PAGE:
At right, Harrison in the 2013 NBNO pole vault. Photo by Jeff George, nc.milesplit.com
Weekend before last (2/22), I traveled to Lexington, Kentucky for another meet: The U. of Kentucky High School Invitational. Overall, it was a solid meet. I didn’t have any PRs, but I’m still trying to shake the rust off from the offseason. I was supposed to compete in the 60 hurdles, high jump, pole vault, and 4x4. But the pole vault ended up lasting nearly the entire meet, so I couldn’t do the 4x4. The high jump went really well, although I only jumped 6-4. On my last attempt at 6-6, I cleared it easily, but scraped the bar with my calves and it fell. I didn’t get the result I wanted, but due to my not being able to practice much during the offseason, I’m still trying to get my form back to the way it was last year.
I ran 8.30 in the hurdles, only .02 off of my PR of 8.28. I got a really good start, and ended up too close to the first hurdle – so I ended up getting really high over the barrier. That sort of threw me off for the whole race. I think if I hadn’t screwed up the first hurdle, I could have run around 8.20.
Next was the pole vault. Unfortunately, instead of only accepting 16 vaulters for the guys and girls competition, the meet directors decided to accept 29 vaulters each for some reason. That’s 58 total vaulters. Now the only bad thing about the pole vault is that it usually lasts a long time. Having 58 vaulters certainly did not help. The girls’ event started at the beginning of the meet at 10:00, and the boys’ event finished at about 7:30 – more than an hour after the every other event concluded.
The 4x4 is typically towards the end of the meet, but I hadn’t even come in yet in the pole vault by the time they ran the 4x4. I came in at 15-0, and made it easily to 16-0, where I had to take three attempts to clear it. I was mainly concerned with getting on some of my bigger poles in preparation for New Balance Nationals Indoor, so I wasn’t worried about how high I was going to finish. My three attempts at 16-6 weren’t that great, but the guys’ pole vault had been going on for about four hours, so I was starting to feel fatigued. I only cleared 16-0 (note: 2nd to Deakin Volz), but I was able to start on one of my bigger poles and move up poles very fast. Hopefully by the time I go to New Balance, I’ll be able to get on my 5-meter poles.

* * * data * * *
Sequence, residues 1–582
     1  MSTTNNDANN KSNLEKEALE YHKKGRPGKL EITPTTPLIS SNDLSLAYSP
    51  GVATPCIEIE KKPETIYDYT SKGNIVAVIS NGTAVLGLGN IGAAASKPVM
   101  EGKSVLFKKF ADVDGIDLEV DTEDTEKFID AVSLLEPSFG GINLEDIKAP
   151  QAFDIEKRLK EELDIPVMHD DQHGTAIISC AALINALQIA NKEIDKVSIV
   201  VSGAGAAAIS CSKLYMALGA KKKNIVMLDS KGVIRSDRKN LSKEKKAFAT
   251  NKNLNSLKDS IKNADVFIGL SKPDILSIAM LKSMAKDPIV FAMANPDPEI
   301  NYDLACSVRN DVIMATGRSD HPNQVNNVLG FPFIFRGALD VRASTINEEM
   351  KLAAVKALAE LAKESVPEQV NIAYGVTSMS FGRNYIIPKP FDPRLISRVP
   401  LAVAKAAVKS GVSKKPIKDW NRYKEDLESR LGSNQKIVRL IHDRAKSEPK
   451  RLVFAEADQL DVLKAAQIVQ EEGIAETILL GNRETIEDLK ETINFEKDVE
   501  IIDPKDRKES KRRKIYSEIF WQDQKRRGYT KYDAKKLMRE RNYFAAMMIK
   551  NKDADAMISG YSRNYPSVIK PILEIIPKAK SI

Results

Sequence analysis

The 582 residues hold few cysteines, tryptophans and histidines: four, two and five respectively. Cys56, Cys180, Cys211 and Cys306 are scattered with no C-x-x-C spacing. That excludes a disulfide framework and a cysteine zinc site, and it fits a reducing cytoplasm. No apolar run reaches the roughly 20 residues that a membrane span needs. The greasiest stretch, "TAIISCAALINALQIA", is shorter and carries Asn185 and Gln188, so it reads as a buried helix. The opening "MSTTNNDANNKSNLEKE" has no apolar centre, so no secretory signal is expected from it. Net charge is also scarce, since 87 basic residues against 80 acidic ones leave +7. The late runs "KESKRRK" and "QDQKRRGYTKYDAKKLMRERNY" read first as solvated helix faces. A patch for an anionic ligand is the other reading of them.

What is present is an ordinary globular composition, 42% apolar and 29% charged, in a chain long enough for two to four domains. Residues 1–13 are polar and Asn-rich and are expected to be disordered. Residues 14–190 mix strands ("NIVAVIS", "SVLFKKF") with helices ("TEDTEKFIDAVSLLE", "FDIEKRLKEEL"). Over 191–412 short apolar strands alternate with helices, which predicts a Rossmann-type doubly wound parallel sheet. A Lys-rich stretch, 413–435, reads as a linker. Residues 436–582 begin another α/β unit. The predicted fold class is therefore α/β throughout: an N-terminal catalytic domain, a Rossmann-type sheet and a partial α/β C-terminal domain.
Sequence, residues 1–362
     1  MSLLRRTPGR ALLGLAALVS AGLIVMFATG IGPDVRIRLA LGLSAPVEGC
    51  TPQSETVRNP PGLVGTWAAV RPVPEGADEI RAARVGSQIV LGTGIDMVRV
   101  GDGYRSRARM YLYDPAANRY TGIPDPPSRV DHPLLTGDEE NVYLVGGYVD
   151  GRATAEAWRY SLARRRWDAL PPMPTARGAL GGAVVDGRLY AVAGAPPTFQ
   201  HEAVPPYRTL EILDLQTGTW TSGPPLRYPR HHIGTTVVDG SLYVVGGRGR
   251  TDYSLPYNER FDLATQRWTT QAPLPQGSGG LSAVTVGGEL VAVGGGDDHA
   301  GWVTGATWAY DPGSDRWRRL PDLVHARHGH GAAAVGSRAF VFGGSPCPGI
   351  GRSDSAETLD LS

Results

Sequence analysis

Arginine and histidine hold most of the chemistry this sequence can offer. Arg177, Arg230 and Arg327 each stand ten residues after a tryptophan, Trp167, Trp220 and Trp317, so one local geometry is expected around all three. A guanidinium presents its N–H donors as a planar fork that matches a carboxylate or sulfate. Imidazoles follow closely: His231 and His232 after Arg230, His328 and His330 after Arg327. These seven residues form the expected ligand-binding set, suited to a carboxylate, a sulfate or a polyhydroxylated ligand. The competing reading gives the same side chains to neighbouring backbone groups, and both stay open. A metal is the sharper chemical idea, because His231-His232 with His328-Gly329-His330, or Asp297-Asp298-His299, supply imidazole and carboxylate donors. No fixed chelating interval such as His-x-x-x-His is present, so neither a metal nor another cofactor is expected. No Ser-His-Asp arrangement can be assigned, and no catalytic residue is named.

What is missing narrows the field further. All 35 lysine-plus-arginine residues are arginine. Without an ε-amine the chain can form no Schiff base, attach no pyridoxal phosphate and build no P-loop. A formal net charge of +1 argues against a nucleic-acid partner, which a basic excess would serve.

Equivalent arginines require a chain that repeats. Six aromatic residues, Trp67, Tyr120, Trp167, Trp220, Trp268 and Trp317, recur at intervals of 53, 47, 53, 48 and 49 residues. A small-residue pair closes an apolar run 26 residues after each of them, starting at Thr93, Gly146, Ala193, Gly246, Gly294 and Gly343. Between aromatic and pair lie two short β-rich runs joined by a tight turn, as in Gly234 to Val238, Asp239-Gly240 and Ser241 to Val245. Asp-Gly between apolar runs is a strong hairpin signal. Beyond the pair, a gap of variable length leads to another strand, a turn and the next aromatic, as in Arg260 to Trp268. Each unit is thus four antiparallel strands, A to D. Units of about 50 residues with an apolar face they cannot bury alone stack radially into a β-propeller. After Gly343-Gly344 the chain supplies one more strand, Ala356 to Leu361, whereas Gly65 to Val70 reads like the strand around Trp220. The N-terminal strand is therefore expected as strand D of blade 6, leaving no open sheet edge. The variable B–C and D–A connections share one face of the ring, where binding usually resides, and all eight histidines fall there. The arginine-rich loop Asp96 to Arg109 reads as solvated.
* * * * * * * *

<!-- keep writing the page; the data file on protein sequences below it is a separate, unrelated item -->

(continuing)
Since I’ve decided to compete in the pole vault at NBNI instead of the pentathlon, my training leading up to New Balance has been only slightly different from last year. Since I only have to worry about pole vault, I’ve been doing a little less running and focusing more on strength training and getting as many vaulting sessions as I can. Unfortunately, my coach is gone for a few days every week, so I can usually only get one vault session with him. So I’m going to start working on small pole inversion-type drills while he’s out of town. I can’t use any of my bigger poles without him there, because vaulting without a coach can be very dangerous unless it’s with a small pole from a very short run.
I’m still keeping up with my other field events, usually high jumping and long jumping once a week and trying to throw as much as I can. For my pole vault training, I’ve been focusing a lot on my weakest area: the inversion. My inversion isn’t terrible, but it’s definitely not the inversion of a 16-8 vaulter. Luckily, I’m fast due to my decathlon training and I’m tall, so I have a high plant position. These two aspects make it very easy for me to be able to use really long poles.
In my early years of pole vaulting, my coach and I focused on my plant more than my inversion. Although this means I have a bad inversion, I don’t have the same mental block that a lot of vaulters have when they try and move to bigger poles. All I have left to do between now and NBNI is to correct my inversion and I should be able to get a lot more push off of the top of the pole and hopefully get a new PR!